Women hold up photos of relatives detained and “disappeared” by Assad regime in Syria,
outside the Palais des Nations in Geneva, Switzerland (Dylan Collins/Families for Freedom)

UN war crimes investigators have demanded that the Assad regime tell families what happened to tens of thousands of detainees who have disappeared.

The International Commission of Inquiry on Syria said the regime should provide the medical records and remains of those who died or were executed behind bars:

Most custodial deaths are thought to have occurred in places of detention run by Syrian intelligence or military agencies. The Commission has not documented any instance, however, where bodies or personal belongings of the deceased were returned.

Before and after the Syrian uprising of March 2011, the authorities tortured and killed thousands of detainees. Thousands more died from poor conditions.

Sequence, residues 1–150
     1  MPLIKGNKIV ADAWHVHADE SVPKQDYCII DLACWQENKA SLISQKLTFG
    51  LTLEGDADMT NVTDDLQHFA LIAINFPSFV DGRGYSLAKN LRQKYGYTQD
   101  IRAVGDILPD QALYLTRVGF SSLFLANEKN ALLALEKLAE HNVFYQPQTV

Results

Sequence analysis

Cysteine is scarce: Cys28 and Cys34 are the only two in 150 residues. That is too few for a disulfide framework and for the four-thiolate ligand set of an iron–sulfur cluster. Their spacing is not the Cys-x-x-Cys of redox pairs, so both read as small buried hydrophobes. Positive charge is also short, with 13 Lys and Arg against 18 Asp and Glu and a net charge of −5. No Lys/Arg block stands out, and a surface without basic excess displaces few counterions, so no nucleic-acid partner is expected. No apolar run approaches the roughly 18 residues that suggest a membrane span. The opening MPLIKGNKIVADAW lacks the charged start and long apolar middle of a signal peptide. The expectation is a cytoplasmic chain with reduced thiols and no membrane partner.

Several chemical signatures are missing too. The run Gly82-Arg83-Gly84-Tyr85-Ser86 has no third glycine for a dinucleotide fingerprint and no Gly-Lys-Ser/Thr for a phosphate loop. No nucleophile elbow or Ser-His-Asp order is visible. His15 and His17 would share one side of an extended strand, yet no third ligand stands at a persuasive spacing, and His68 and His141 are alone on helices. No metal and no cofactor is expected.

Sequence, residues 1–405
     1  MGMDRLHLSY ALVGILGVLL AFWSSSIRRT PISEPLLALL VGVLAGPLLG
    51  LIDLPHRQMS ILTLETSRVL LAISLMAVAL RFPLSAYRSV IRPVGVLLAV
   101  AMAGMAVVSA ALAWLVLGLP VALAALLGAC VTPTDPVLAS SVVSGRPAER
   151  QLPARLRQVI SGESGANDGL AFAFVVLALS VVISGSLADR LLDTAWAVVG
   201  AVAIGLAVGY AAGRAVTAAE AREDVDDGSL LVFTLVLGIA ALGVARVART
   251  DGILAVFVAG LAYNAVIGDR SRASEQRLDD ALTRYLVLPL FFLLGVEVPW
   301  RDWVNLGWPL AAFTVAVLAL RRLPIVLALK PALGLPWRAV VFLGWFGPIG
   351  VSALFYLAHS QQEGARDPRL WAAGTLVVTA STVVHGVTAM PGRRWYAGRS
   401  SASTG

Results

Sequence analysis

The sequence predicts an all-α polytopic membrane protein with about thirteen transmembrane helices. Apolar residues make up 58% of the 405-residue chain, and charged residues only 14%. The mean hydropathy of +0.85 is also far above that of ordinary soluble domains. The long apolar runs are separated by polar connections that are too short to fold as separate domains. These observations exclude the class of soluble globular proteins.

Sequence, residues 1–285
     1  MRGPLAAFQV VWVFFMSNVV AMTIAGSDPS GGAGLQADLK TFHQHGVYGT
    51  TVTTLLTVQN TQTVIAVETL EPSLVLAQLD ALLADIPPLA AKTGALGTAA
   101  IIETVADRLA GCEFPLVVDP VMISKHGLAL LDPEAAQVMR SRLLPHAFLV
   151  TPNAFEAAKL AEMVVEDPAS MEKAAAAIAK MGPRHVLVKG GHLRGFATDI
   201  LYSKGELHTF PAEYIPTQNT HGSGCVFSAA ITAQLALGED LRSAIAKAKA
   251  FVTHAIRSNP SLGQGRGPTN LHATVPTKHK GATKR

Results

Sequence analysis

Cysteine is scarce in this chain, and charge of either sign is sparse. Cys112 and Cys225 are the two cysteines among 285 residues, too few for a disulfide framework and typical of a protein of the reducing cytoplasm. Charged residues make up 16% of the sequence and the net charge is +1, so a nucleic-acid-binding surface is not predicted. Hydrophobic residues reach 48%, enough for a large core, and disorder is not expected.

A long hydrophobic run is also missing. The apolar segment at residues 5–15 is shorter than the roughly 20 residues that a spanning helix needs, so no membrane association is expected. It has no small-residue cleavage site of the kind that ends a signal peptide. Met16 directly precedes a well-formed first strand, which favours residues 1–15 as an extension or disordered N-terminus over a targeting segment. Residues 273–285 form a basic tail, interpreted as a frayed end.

In one prison alone, Sednaya near Damascus, up to 13,000 prisoners were executed between March 2011 and the end of 2015, according to Amnesty International. Images brought out by a defecting military photographer in 2014 recorded almost 7,000 detainees who were abused and killed.

A regime official said this autumn that at least 50,000 people had died or been executed in the 92-month conflict. He said the total may be 100,000.

Syrian authorities acknowledged in a report to the UN Security Council that they have released “thousands or tens of thousands” of names of detainees who died, mostly between 2011 and 2014. They did not acknowledge the torture and executions.

Syria's Disappeared The Case Against Assad (2017) from Javier Manzano on Vimeo.

Group Execution

The Commission of Inquiry said death certificates for prisoners recorded the cause of death as a “heart attack” or “stroke” in almost all cases. The place of death was stated as Tishreen military hospital or Mujtahid hospital both near Damascus, in most.

“Some individuals from the same geographic area share common death dates, possibly indicating group executions,” it noted.

The Commission assessed in a 2016 report that, given, the scale of deaths and executions, the Assad regime was responsible for “extermination as a crime against humanity”.